One tried and true strategy to encourage kids to try new foods is to get them involved in the cooking process. Their new “I made this!” attitude can often make a once-strange food suddenly intriguing and worthy of a taste test.
Well, taking this strategy one step further, there’s evidence that helping kids grow their own vegetables can also encourage healthier eating. A new study out of Cornell University looked at eating habits of students. Researchers found that when school-grown garden vegetables were put into cafeteria salads, kids were over four times as likely to take a salad.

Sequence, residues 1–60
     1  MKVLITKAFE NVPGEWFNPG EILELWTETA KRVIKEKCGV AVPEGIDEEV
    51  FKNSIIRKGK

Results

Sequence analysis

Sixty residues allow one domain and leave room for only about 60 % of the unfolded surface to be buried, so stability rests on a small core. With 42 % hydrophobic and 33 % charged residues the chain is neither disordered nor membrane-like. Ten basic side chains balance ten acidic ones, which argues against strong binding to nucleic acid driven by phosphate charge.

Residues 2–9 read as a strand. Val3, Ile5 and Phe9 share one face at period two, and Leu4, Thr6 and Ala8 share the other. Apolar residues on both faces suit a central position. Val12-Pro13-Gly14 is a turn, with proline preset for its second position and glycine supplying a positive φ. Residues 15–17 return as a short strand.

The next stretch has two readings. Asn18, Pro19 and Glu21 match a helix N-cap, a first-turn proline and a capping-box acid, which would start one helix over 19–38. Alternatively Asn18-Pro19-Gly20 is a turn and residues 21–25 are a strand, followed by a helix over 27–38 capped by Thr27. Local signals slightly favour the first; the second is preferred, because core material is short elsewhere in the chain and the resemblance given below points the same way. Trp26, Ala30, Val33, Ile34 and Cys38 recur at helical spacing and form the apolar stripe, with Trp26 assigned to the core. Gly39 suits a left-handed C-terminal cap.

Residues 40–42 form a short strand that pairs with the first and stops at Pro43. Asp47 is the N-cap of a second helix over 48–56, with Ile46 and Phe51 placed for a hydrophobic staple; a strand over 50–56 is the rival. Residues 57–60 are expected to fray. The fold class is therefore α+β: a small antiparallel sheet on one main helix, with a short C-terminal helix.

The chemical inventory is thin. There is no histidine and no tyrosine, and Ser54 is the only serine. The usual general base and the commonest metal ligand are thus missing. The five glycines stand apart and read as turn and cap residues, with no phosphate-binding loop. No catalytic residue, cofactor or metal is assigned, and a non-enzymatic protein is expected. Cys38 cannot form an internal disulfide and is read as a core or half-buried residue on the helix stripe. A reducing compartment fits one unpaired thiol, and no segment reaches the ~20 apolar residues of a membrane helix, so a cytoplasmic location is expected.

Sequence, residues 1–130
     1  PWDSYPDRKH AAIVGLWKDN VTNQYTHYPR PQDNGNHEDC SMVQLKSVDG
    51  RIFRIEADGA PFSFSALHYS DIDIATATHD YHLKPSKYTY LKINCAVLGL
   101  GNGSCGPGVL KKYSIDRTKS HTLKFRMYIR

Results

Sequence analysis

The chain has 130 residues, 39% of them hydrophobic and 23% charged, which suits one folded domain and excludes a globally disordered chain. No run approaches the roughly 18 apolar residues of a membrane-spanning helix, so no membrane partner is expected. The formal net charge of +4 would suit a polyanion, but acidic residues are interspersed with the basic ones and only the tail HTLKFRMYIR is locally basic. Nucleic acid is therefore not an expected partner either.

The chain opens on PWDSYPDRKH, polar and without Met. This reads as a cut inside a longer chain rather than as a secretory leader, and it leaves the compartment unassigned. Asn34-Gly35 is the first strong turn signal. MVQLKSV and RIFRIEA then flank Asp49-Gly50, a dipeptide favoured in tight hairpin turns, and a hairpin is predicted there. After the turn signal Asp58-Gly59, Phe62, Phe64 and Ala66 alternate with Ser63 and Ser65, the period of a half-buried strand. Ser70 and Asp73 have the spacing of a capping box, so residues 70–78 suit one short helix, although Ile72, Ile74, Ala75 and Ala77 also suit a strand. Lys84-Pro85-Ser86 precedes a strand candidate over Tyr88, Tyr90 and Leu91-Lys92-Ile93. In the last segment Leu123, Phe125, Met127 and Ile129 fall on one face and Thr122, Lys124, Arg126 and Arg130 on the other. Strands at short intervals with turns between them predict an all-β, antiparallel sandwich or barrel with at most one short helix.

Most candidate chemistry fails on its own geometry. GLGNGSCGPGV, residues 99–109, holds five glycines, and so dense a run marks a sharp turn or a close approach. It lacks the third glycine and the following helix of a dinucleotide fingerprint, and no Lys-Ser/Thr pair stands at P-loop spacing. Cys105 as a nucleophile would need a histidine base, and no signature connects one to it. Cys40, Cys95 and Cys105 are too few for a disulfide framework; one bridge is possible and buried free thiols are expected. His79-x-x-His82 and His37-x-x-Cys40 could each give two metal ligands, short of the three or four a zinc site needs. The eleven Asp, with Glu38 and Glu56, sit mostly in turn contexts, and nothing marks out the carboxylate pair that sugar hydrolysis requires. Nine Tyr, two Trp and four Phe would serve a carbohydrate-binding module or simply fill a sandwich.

The percentage of students who picked up a salad rose from two to ten percent, and they ate about two-thirds of their salads on average.
More research needs to be done but the study gives leaders of school garden programs some encouragement. Try the tactic out on picky eaters of any age. Have your little one help you plant veggies like peppers or zucchini—as the fruits of your labor start to grow, be sure to show your child and explain what’s happening. By the time it’s ready to harvest, he’ll ideally be excited to try it out!